It’s no secret that millions of people in the United States use marijuana on a daily basis. Recreational marijuana is legal in ten states plus the District of Columbia (Washington D.C.), and over 30 states medically.
When compared to harder drugs, like heroin or methamphetamines, the mental and physical effects of weed seem tame, which is why so many people see no harm in using it.
However, there are some side effects of marijuana that users need to be aware of in order to protect themselves from potential harm.
Is Marijuana Really that Bad? Here are 4 Negative Side Effects of Marijuana
Unfortunately, marijuana can cause unforeseen health problems, both physically and mentally. Here are just a few of the seriousside effects of marijuana.
1. Weed Can be Addictive
Millions of Americans view marijuana as a recreational drug that they can quit at any moment – and many do.
Some people aren’t as fortunate, though. One of the main psychoactive chemicals in marijuana – THC – can be addictive, depending on a person’s physical, mental, and chemical makeup.
For these folks, trying to put an end to their weed use can be extremely challenging, especially if they are a daily smoker, or have been using it regularly for a long period of time.
Approximately 30% of users, especially those who start using the drug before the age of 18, experience marijuana use disorder, which can lead to dependency and withdrawal symptoms when they try to quit.
The earlier a person begins smoking pot, the higher the chances are that they will develop a dependence, and possibly an addiction to marijuana.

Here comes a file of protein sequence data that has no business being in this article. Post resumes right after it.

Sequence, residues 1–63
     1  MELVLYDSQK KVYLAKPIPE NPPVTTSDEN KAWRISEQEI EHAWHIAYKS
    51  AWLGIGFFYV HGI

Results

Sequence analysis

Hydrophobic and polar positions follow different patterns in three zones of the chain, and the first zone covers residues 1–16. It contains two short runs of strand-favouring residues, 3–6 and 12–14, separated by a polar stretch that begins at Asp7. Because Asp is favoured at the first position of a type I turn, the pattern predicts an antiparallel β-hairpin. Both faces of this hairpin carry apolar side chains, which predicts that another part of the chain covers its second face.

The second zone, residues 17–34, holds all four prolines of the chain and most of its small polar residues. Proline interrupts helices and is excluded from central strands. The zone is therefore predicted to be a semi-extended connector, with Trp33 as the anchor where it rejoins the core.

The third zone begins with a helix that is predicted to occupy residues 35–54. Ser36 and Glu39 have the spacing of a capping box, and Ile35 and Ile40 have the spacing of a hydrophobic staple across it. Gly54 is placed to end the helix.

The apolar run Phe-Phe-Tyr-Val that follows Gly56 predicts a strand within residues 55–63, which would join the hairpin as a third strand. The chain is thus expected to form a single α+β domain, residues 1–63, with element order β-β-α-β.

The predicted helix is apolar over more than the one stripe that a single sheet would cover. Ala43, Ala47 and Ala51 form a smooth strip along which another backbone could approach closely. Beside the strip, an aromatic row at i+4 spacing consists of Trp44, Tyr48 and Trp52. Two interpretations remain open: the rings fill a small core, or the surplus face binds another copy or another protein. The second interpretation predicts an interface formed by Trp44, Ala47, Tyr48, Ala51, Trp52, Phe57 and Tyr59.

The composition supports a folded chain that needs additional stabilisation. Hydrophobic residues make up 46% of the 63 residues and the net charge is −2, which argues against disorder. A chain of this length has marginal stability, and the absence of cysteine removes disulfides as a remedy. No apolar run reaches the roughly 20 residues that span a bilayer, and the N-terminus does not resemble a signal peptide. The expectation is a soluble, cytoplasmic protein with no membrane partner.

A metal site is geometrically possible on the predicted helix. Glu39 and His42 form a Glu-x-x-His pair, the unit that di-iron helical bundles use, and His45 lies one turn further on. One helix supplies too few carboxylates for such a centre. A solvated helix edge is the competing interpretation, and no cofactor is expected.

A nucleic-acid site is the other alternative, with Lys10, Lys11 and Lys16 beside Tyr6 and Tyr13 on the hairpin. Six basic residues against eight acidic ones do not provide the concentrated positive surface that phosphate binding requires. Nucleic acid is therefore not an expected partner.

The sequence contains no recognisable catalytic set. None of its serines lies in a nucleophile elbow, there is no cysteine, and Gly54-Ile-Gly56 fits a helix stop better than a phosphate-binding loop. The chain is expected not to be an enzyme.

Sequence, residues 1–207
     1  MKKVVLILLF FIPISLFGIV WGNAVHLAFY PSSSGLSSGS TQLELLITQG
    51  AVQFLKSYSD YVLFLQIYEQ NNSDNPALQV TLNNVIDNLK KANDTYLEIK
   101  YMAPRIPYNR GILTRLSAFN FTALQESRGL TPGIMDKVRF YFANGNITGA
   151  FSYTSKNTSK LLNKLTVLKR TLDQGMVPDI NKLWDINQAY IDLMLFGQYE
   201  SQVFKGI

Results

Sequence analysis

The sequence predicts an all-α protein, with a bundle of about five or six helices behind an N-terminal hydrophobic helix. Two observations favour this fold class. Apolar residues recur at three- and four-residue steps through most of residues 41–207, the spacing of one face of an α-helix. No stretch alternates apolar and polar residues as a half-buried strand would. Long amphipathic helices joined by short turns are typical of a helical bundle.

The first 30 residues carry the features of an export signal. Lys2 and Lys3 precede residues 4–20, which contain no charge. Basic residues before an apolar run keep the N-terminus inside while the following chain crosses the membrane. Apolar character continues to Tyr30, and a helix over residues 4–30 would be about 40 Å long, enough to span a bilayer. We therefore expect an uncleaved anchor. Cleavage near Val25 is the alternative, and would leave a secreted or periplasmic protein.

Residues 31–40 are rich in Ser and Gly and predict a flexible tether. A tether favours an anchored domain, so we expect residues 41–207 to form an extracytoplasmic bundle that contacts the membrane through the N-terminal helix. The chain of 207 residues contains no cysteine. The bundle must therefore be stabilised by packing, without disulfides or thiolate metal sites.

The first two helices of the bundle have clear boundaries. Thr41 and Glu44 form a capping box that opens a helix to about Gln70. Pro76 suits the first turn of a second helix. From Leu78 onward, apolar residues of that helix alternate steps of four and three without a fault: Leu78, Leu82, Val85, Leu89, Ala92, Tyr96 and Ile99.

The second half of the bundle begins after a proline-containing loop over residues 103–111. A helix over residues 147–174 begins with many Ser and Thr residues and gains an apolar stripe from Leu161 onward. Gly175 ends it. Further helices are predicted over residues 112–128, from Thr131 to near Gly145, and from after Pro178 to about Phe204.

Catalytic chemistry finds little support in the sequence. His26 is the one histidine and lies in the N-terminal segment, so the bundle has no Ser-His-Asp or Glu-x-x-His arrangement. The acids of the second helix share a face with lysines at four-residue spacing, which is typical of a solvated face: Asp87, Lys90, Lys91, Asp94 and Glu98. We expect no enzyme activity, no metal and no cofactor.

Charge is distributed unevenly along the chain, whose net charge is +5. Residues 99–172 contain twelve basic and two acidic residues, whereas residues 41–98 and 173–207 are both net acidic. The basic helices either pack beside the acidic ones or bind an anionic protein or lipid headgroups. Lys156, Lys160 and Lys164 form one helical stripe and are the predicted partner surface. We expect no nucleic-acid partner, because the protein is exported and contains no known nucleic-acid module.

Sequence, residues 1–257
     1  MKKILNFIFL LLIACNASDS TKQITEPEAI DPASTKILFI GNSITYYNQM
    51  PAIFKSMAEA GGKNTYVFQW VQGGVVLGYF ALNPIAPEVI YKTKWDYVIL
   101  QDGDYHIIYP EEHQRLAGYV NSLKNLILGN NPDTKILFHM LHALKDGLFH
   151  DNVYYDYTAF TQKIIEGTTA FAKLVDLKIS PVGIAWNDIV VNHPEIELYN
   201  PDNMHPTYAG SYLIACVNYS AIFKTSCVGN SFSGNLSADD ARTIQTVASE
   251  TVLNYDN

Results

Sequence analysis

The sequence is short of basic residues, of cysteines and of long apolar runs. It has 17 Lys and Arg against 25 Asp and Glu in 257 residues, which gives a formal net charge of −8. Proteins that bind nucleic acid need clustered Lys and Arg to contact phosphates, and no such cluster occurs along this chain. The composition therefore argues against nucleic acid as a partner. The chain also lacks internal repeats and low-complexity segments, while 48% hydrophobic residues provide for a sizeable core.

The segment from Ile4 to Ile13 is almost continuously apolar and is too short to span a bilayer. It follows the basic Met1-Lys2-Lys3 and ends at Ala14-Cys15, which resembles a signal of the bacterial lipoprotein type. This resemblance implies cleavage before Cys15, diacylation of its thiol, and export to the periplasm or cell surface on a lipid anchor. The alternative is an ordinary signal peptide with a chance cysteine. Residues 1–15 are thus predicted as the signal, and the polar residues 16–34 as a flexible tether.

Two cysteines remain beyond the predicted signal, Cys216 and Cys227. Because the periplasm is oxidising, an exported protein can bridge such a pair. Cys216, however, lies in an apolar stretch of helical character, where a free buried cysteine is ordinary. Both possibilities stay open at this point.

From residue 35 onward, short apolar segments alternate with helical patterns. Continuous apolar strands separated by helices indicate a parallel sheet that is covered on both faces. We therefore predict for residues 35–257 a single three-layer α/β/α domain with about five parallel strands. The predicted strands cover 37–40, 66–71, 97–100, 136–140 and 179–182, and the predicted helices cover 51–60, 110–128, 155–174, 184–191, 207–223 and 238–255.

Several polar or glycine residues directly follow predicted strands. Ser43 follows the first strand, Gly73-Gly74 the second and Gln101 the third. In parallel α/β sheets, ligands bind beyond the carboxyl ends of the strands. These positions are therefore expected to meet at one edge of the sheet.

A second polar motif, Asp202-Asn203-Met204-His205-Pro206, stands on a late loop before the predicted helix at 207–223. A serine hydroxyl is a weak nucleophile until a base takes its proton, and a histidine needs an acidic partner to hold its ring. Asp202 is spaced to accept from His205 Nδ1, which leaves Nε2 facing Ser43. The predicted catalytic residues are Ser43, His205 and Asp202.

We’re still a long way from having empirical data to know just how addictive marijuana actually is, because it has been classified as a schedule I drug since the 1970s, so there has been almost no research conducted.
It is known however, that marijuana use affects the endocannabinoid neurotransmitters, and those who are dependent on the drug, have a decrease in the production of endocannabinoids in the brain. Those who are addicted cannot stop using it without outside professional treatment.
2. Marijuana Can Stay in the Body for a Long Time
One of the most frequently asked questions is, “how long does weed stay in your system?”
It’s easy to assume that the drug is out of the body once a person stops experiencing the relaxing, hallucinogenic effects of weed.
Actually, that’s not the case. Weed can stay in the body for several weeks, and in hair follicles for much longer. The duration can depend upon any of the following factors:
- The amount of body fat a person has
- The frequency of use (a few times a month, weekly, daily, multiple times per day)
- How much is smoked each time
- Strength of marijuana smoked (or ingested by eating)
The strains of Marijuana available today are very different than the types found 20 or 30 years. Today’s strains are also much more potent than those even a decade ago, and it’s not uncommon to find THC levels to be 20 percent and higher. Concentrates are now being produced with THC levels at 70 percent or more.
With higher THC levels, marijuana can stay in the system even longer than it used to when lower potency levels were more common.
Even in states where it is legal medically or recreationally, people who smoke pot are at risk of failing a drug test, which could impact their ability to get and keep a job. This is why so many people want to know how long does weed stay in the body.
3. Is Weed a Depressant?
Many people often ask,“is marijuana a depressant?” This is a good question, and it really depends on a wide variety of factors. According to researchers, marijuana can be classified as a depressant, stimulant, or hallucinogen.